the greatest chateau in the universe, home

Advice ignored: don’t do the Loire valley’s most popular Chateau on a Saturday; make sure you arrive early.

We’d paid for the buffet, Q. was free, so we made sure we were downstairs for the buffet breakfast – hot food, I’d been assured the night before as we arrived – and there was hot food. There was rindless bacon and scrambled eggs sweating in separate compartments of a bain-marie. (Is it so called because of Marie-Antoinette’s penchant for eating in out of the way places on the estate, where food had to be brought in and ‘rechauffee’ – reheated – in what looked distinctly, at Le Petit Trianon, like bains-marie? So the word could be translated: M.A.’s baths.) The rest of the ‘hot’ food was DIY. A clever bubbling stainless pool fitted with baskets for boiling eggs. A toaster for toasting albino bread.

Undeterred – except for being still packed with French beef, eaten raw and minced, the night before – we set upon the cold pancakes, the nutella, evidently a staple throughout Europe, the yoghurts and so on, and juiced our own oranges on the apparatus kindly provided, with oranges. Squeeze your own. But soon we soon ran aground. With DIY brilliance, we made up and pilfered, hiding them in Q.’s toybag under the table, inside a plastic bag, we’d thoughtfully retrieved from our room, filled baguettes, with emmental and ham and salami, and pains au chocolat for snacking on.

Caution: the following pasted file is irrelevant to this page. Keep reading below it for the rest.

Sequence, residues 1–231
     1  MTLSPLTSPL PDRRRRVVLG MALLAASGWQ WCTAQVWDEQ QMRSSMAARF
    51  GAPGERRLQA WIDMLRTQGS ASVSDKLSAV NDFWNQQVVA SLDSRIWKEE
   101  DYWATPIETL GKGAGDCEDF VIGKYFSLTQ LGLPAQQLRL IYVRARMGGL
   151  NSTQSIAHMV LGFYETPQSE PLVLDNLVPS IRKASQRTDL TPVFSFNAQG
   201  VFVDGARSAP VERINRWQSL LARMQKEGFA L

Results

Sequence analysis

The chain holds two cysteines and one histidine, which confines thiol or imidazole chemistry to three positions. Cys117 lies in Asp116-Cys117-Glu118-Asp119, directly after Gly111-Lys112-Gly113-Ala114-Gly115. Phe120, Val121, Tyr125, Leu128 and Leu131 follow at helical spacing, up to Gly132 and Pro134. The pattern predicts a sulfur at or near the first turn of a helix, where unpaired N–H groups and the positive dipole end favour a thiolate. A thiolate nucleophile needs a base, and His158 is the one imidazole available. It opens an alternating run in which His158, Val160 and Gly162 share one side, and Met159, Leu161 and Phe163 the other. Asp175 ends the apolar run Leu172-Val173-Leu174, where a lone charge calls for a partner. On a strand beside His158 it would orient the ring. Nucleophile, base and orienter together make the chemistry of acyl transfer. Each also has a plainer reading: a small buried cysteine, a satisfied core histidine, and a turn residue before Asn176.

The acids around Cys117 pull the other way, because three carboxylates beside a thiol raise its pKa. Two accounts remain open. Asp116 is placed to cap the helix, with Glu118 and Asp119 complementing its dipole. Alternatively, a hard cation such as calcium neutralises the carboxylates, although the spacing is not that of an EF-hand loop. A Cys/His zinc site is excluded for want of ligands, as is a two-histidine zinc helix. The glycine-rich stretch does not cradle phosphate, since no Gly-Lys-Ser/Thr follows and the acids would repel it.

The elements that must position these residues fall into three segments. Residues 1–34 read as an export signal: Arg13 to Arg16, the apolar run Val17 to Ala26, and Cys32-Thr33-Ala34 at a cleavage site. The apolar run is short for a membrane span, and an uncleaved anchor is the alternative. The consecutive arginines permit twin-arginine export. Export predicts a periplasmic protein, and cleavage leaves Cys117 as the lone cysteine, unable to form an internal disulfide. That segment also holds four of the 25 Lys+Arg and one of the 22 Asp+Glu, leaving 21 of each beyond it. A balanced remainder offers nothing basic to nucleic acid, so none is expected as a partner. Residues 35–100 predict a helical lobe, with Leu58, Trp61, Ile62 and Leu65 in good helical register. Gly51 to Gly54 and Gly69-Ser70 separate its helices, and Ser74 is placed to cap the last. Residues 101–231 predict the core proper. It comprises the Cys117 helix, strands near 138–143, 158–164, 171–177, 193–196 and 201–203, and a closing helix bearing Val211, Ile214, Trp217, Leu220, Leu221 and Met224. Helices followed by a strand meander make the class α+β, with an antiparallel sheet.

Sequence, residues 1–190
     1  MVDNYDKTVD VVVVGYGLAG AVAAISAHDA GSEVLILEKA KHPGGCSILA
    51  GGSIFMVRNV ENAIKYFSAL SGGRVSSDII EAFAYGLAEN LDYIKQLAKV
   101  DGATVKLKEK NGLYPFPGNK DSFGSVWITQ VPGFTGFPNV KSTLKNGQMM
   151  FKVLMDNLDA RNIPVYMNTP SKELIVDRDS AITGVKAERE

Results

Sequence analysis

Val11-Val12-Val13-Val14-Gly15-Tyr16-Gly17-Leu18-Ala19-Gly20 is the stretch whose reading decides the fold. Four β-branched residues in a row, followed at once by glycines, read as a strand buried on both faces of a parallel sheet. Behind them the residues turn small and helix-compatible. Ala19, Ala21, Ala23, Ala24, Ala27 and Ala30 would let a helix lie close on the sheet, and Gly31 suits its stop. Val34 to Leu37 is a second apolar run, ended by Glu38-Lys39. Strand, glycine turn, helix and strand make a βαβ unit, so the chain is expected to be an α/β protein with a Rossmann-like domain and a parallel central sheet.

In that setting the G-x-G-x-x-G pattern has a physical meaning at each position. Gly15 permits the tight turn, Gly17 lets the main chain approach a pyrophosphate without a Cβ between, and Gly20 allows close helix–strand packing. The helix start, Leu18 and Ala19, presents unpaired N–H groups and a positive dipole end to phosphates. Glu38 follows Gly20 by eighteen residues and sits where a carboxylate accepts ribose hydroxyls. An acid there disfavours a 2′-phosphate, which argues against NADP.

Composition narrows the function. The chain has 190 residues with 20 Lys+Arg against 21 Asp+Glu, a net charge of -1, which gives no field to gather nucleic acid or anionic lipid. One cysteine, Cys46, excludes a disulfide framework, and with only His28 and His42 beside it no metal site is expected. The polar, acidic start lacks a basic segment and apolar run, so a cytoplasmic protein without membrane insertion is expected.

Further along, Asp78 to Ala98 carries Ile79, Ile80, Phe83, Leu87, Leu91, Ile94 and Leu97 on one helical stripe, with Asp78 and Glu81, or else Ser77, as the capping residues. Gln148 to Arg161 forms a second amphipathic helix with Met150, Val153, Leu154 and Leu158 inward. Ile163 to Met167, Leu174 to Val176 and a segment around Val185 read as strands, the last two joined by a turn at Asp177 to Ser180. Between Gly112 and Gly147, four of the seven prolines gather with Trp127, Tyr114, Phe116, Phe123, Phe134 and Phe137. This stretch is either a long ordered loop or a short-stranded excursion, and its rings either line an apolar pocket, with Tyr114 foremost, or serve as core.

We escaped without harrassment the clutches of Mercure and Buffalo Grill land, and circled the backroads of Chartres, by way of losing our way, and reorientation in right-hand driving for J.

More wind-turbines, this time close enough for us to venture out into the vast flat fenceless plain, leaving the car, onto a dirt road, to get closer to them. These were close to Bonneval. Forty-four metre long vanes, three of them, like giant Mercedes logos, on 136 metre towers. Called in French picturesquely ‘eoliennes.’ Eery out here on the unending plains. The vanes turning slowly and pivoting to catch the wind, as if communicating rather than generating power.

We stopped at Meung-sur-Loire. The town sits on a drained swamp, the groundwater gathered into tributary streams, running into the Loire, called Mauves. But in actuality weedy green with many small fish. Here Francois Villon was once imprisoned. Freed, I think by Henry IV? The town features, allegedly, in the work of Georges Simenon. And Joan of Arc had a battle. The bishops of Orleans took up residence at the Chateau for a very long time. In other words, Meung-sur-Loire has an historic significance entirely out of proportion to its size, so little next to Orleans. Where the Maid came from.

We followed some discreet signs, small, faded, to Beaugency. We were taken along the narrowest roads in France. Cart tracks, really, paved, except for one short section just before the Loire. Off-roading in our C3! Not what we expected to be doing.

Lunch beside the Loire of stolen buns. No one near. No buildings or industry visible on either bank. The deep slow rolling river, wide, a big river. Nothing, apart from steam rising, from the tops of nuclear silos, just able to be seen, above the trees.